Ordinary Average Guy by Jim Bartlett

Jim Bartlett's character Lee makes small talk with a friend about a visiting politician, but he has something to hide.

Lee slips out of the car and stretches from the long ride under a sky that looks like rain. Finding a dry spot on the cracked asphalt, he leans his wrapped package against the back door of the car and works his hand trying to get some feeling back. He glances over at Frazier, still behind the wheel listening to the radio.

Damn news. He'd heard enough of those reports over and over again on the trip here to last a lifetime.

He takes a step away from the car and looks around. From where he stands he notes the employee parking lot to be only half full, but it's still early. And it's a Friday.

"Gonna be a big day today," Frazier says, finally stepping out.

Lee shrugs, says nothing. He watches Frazier move to the front, kick a foot back against the bumper, and light a cigarette.

"Not sure why that asshole is comin' through these parts, ain't no one here gonna vote for him no way."

Lee crosses his arms and smiles, but remains quiet.

"You ain't votin' for him, is you?"


Frazier cocks his mouth to the side and blows off a long stream of smoke.

"So you ain't comin' back with me this evenin'?"

"Nah. Got some things to do."

"I thought maybe you and the missus were havin' some problems."

Lee shuffles his feet. "Not that it's any of your business, but, ain't quite like that."

Frazier shakes his head, takes a final long drag and tosses the cigarette. "Didn't mean to get you all in a huff. Just askin', ya know?"

Lee nods. "Your neighbor, Miss Payne, well she's real nice for lettin' my wife stay at her house. It's been workin' out just fine." He pauses and looks up at the clouds now starting to part revealing a promising sun. "Yes sir, things are starting to happen. Only a little longer and this'll all be over."

A faded red Buick pulls up in the space one over from Frazier's Chevy, leaving a trail of blue smoke in its wake. Lee can hear the radio blaring even with the windows closed. Much the same as Frazier, the man, red-faced with a barrel chest, is listening to the news.

More radio. Shaking his head, Lee moves around to the front of Frazier's car and leans against the hood just as the broadcast goes quiet and the man pushes open his door.

"Morning there, boys," he calls out. The voice is every bit as deep as his chest.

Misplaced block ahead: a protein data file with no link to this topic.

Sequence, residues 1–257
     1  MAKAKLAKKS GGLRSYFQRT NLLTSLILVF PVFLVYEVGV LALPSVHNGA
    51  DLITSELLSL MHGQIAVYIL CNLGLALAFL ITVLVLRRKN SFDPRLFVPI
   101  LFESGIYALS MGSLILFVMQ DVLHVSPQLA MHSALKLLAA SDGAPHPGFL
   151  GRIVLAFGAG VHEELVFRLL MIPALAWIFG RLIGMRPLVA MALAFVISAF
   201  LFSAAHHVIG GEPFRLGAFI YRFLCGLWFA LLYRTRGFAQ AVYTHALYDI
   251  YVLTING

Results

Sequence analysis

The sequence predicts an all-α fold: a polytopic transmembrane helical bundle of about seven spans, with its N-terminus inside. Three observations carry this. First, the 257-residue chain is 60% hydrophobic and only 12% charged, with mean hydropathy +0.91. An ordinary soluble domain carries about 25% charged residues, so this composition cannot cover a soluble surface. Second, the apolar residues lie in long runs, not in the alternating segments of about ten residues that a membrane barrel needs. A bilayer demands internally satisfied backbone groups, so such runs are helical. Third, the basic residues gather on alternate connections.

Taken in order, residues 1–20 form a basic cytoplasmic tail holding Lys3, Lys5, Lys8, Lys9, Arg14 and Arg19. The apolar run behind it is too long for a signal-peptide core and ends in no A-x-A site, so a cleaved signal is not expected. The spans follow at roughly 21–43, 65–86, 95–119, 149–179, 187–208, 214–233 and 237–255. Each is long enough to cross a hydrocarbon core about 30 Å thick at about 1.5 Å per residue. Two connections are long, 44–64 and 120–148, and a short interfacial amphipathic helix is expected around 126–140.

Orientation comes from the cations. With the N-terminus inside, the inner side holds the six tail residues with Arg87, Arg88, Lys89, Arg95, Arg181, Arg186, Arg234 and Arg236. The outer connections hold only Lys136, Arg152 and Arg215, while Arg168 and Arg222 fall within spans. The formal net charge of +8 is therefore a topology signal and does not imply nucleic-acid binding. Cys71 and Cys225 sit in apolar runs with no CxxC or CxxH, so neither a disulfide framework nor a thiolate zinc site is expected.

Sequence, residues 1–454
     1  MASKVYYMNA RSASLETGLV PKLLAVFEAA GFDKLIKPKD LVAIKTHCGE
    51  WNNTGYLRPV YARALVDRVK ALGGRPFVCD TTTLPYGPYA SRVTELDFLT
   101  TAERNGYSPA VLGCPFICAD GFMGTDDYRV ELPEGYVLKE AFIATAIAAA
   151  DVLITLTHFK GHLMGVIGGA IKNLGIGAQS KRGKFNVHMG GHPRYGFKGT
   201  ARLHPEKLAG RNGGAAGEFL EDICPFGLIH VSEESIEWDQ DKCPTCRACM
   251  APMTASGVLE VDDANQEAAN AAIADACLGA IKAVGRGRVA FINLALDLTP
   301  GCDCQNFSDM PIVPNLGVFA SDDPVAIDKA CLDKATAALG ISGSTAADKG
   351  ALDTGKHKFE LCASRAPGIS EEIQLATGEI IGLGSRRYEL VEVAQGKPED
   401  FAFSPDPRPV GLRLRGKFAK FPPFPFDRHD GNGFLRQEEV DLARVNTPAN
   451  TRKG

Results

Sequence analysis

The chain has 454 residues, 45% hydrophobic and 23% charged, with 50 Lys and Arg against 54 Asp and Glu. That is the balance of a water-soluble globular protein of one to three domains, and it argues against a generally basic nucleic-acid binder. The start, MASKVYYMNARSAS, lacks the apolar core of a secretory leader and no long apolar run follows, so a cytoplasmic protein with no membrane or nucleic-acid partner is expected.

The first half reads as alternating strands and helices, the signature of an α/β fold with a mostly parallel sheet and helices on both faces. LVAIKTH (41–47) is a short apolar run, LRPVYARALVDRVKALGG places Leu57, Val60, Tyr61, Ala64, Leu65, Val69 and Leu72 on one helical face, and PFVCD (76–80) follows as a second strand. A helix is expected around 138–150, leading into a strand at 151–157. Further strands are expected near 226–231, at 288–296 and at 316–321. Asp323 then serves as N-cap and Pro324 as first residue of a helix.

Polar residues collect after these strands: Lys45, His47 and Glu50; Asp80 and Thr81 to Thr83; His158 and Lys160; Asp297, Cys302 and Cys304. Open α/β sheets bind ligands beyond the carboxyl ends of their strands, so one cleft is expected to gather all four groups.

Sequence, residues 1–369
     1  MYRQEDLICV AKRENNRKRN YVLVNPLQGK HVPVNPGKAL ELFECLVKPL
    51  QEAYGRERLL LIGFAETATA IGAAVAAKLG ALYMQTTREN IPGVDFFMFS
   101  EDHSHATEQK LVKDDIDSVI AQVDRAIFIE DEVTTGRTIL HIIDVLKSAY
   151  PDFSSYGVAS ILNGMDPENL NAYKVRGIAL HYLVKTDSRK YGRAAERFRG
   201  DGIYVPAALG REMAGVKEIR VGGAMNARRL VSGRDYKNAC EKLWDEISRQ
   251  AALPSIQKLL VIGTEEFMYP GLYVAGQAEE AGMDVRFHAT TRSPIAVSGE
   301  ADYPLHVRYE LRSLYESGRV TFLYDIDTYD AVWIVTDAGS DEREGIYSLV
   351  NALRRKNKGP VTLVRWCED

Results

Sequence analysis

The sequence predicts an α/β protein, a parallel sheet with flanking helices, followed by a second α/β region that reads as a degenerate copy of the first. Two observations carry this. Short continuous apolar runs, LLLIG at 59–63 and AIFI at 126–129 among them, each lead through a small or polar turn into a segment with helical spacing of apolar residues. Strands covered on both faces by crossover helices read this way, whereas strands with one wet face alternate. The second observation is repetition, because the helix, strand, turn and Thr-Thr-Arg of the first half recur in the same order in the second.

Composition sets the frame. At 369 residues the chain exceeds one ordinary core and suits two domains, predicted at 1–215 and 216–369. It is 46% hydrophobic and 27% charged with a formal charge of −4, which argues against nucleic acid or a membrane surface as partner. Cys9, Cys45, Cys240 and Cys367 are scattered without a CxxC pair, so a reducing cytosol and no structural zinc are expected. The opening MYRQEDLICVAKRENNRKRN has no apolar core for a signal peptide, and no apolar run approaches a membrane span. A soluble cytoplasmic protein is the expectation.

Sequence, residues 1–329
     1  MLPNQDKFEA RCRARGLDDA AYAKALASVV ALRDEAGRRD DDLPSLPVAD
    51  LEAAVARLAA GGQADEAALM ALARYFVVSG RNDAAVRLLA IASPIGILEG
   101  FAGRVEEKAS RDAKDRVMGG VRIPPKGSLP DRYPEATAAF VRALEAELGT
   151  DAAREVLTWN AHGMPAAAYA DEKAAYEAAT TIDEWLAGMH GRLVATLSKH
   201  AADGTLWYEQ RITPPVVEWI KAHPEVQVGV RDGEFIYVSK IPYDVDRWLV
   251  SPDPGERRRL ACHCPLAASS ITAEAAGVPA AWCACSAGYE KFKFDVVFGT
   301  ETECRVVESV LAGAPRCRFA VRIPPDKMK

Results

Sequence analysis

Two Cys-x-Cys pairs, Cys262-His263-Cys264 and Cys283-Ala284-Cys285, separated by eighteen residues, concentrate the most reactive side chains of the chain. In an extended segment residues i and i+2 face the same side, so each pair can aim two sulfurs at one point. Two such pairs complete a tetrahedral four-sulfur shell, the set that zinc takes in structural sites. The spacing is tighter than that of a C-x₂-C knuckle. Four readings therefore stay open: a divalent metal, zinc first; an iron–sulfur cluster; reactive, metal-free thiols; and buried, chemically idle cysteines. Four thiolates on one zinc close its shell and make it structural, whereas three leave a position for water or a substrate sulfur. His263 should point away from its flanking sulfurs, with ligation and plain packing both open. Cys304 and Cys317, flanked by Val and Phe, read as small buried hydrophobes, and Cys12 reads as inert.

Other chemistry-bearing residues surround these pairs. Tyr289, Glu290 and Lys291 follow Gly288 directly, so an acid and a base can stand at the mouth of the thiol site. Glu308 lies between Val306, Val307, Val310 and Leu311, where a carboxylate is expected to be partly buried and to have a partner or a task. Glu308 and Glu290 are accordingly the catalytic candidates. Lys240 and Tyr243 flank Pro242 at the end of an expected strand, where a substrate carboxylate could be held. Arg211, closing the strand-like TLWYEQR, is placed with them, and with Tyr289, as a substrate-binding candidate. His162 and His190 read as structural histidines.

Both Lee and Frazier nod back.

Frazier slides across the front next to Lee and taps the face of his watch.

"Looks to me like we have more than 'nuff time to grab a cup of coffee before our shift starts. What d'ya say we head in?"


Lee straightens and starts to follow Frazier, already headed for the loading dock on the backside of the tired-looking brick building.

"Hey there," calls out the older man. "Don't forget your package."

Lee spins around, his face washed in red. His eyes shoot to the slender package wrapped in newspaper still leaning against the Chevy.

"Thanks, mister," he says as he scoops it up. "Curtain rods for the apartment."

The man sticks out a big calloused hand.

"You must be new here. Don't reckon I've seen you around. I'm Mel Johnson... work on the fifth floor."

Lee shifts the package and meets Mel's hand.

"Lee Oswald. I'll be on the sixth."


  1. This is exceptional, one of the best pieces of Flash Fiction that I've read, and I love the genre. The end came out of nowhere for me, (although obviously there was indication of plans, guns and crime). It worked with great timing and no spare words.
    Thank you,

    1. Thanks, Ceinwen. Coming from a fellow writer, your words are even more encouraging!

  2. Well-written and suited for Fridays!

    1. You can thank Charlie for the Friday idea. But I'll thank you for the read and kind words!

  3. this is so clever! super build up, I knew something was coming but....
    love the way Lee is portrayed, just a few words and you see inside the man.
    Really good, Jim

    Michael McCarthy

    1. Thanks, as always, Michael. Really do appreciate your insights. Waiting with bated breath for your next one!

  4. When I saw the end coming close I wondered how things would tie up so quickly. Then Bam! what a twist. The writing is good too. Just the right balance of dialogue and scene description. Well done.

    1. Thanks, Laura! Glad you enjoyed it. Thanks much for the read and even more so for taking a moment to comment!

  5. Hi Jim, I enjoyed the mood, the deadpan matter of fact, the way the story held a focus. the ending of course is universally known. James McEwan

    1. But they were only curtain rods! ;-) Thanks for the read and the great comments, James. Much appreciated.

  6. Very impressive and descriptive storytelling. I love character driven stories and this is so far one of my favorites.

  7. I appreciate you taking the time for the read and even more so the kind comments, Phoenix! Happy New Year!